Xiaomi 11T Pro Review – Good Value for Money | Xiaomi 11T Pro vs OnePlus 9RT In-Depth Comparison
Let’s dive straight into it: This is possibly the most requested review across Trakin Tech platform!
It is finally here – the Xiaomi 11T Pro review and OnePlus 9RT comparison you’ve been waiting for.
Here are the first impressions and in-depth review, and the big comparison!
To start off, yes, the 11T Pro bundles a 120W charger with the phone, but it takes way more than 17 minutes to fully charge the 5000mAh battery. Every single time I tried charging the phone from 1% to 100%, it took anywhere between 30 minutes to 35 minutes. In fact, it takes only 29 minutes to fully charge the OnePlus 9RT’s 4500mAh internal battery with its 65W charger. Really, the 120W charger doesn’t make a difference in real world testing. If you want to achieve the 17 minute time, you need to follow these steps:
• Airplane mode: On
• Location: Off
• Screen off while charging
• Clear all Apps from running in background
• Starting ambient temperature <25 degrees
That said, the 11T Pro’s battery life has been great in my experience. I constantly got a day’s worth of usage, and anywhere between 5hrs 30minutes and 7hrs of SoT. I believe it can last slightly longer compared to the 9RT. And, if you ask me, I will wait forever and for always (insert forever and for always song) for you to hit that subscribe button. It motivates me to make more cool tech videos for you folks.
Both, the 11T Pro and the 9RT, have a Snapdragon 888 SoC inside. And, we have the 12GB/256GB variant of both the phones. I ran our suite of benchmarks and the scores are nearly identical for AnTuTu and Geekbench. But, what matters is sustained performance and to check if the phones heat up. And, a 30 minute CPU throttle test clearly indicates that the Xiaomi 11T Pro does throttle way more than the OnePlus 9RT. The graph doesn’t look very good.
Moreover, I ran 3DMark Wild Life Stress Test thrice and every time the Xiaomi 11T Pro shut it down with this message (show message on screen). The temperature peaked to 45-degrees about halfway into the test. The 9RT’s improved vapour cooling solution ensures the phone didn’t cross 43 degrees for the entire duration of the test. And, I really find this surprising because the Mi 11 Ultra was very well tuned. Hope Xiaomi can fix this soon.
That said, in COD: Mobile, both the phones offer the max frame rates and max graphics, and run butter-y smooth throughout without any frame drops. The throttling will affect the 11T Pro only when you game continuously for over an hour and stress the SoC. Otherwise it is fine.
For a lot of folks, the comparison between the 9RT and the 11T Pro boils down to how the camera setups on these two phones compare. Let’s dive in.
- The 108MP primary camera on the 11T Pro does capture more details in its 12MP pixel-binned sample image. If you look at the 100% crop of the building in this image, you will notice that the 11T Pro has managed to capture the finer texture on the walls whereas the 9RT has glossed all over it. Also, Xiaomi’s algorithm goes for enhanced contrast, which ends up further accentuating the sharp lines with a thicker outline. Therefore, making details stand out even further. However, if you notice in the darker shadow regions, there is still a lot of noise and over the years of using the 108MP sensor, Xiaomi hasn’t managed to fix it yet.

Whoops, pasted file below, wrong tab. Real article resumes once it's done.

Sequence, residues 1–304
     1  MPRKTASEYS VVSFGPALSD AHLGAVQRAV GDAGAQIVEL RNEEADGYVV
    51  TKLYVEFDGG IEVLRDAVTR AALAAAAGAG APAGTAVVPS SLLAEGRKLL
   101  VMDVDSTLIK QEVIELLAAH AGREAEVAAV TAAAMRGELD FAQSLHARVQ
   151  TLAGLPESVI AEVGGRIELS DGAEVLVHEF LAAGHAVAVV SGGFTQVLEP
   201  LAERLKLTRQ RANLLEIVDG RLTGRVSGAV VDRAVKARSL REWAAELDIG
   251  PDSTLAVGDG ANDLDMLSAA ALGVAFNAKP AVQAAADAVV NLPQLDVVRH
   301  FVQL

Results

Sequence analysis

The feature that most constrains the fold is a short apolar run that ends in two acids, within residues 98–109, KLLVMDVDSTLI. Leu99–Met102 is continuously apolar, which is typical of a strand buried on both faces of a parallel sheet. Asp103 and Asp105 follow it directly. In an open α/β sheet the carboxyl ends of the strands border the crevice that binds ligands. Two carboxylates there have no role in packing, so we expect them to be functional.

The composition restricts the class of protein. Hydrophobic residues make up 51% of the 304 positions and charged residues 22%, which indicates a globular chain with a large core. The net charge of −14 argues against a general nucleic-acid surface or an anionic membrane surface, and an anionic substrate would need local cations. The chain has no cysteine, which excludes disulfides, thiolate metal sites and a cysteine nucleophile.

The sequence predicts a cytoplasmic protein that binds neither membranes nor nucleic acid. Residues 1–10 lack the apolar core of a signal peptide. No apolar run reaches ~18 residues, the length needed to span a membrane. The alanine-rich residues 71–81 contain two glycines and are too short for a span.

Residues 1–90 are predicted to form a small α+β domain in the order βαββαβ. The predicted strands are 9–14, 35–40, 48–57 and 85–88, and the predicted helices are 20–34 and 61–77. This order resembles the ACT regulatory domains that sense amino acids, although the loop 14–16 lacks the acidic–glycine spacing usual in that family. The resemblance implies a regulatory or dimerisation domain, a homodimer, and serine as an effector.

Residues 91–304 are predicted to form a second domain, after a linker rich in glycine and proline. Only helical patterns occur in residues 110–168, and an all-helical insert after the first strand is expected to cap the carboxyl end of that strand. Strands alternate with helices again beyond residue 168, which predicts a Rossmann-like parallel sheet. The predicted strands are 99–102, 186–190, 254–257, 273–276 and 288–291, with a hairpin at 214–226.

- As for the colour reproduction, the 9RT tends to paint every image with a more colourful canvas than the 11T Pro. You can see the difference here in the way the 9RT has reproduced the Orange and the Green here. The second sample just further augments my theory that the 9RT over-saturates to a very high degree whereas the 11T Pro tries to underplay it. Honestly, both aren’t very accurate representations of the scene so some post capture edit will be essential.
- When it comes to High Dynamic Range captures, both the algorithms fail to do a good job. While the 11T Pro’s highlights are blown out, the 9RT cannot retrieve more details from the shadows. Samsung and Vivo phones are better at HDR.
- However, when it comes to macro photography, Xiaomi’s 5MP camera with 50mm lens telemacro setup is the shizz! I mean, the 9RT should just bow down to the master. Just look at the difference here!
- While the 9RT has an 16MP ultrawide angle camera and a 123-degree wider field of view, the 11T Pro’s, 8MP camera offers a sharper focus with crisper details. Especially around the center of the image. Every time I shot with the 9RT’s ultrawide, I ended up with a shot with soft focus. That said, the 9RT has a slightly better dynamic range performance. Honestly, I can’t really pick between the two here but I was pleasantly surprised at the sharper 11T Pro ultrawide sample.
- Moving on, I prefer the 11T Pro for shots of people (human subject). I noticed crisper textures on the face and the T-shirt, more dynamics on the face, and a nicer natural bokeh owing to the large sensor. Even in the previous comparison with the S21 FE, I wasn’t very happy with the 9RT’s extremely soft and flat image.
- Although, in Portrait shots, the 11T Pro messes up. You can see how the edge detection around the hair and the space between the hands is not very clearly outlined by the algorithm and the drop off happens much sooner. This is surprising because Xiaomi’s algorithm is generally good with portraits.
- In selfies, the 11T Pro’s sample looks better here with a close to accurate colour reproduction and better details. And in selfie portraits, the 11T Pro redeems itself and does a better job of the edge detection. In fact, even low light selfies, with or without Night mode are better on the 11T Pro, hands down. I hate that the 9RT tends to turn my face into a bright moon with Night Mode on.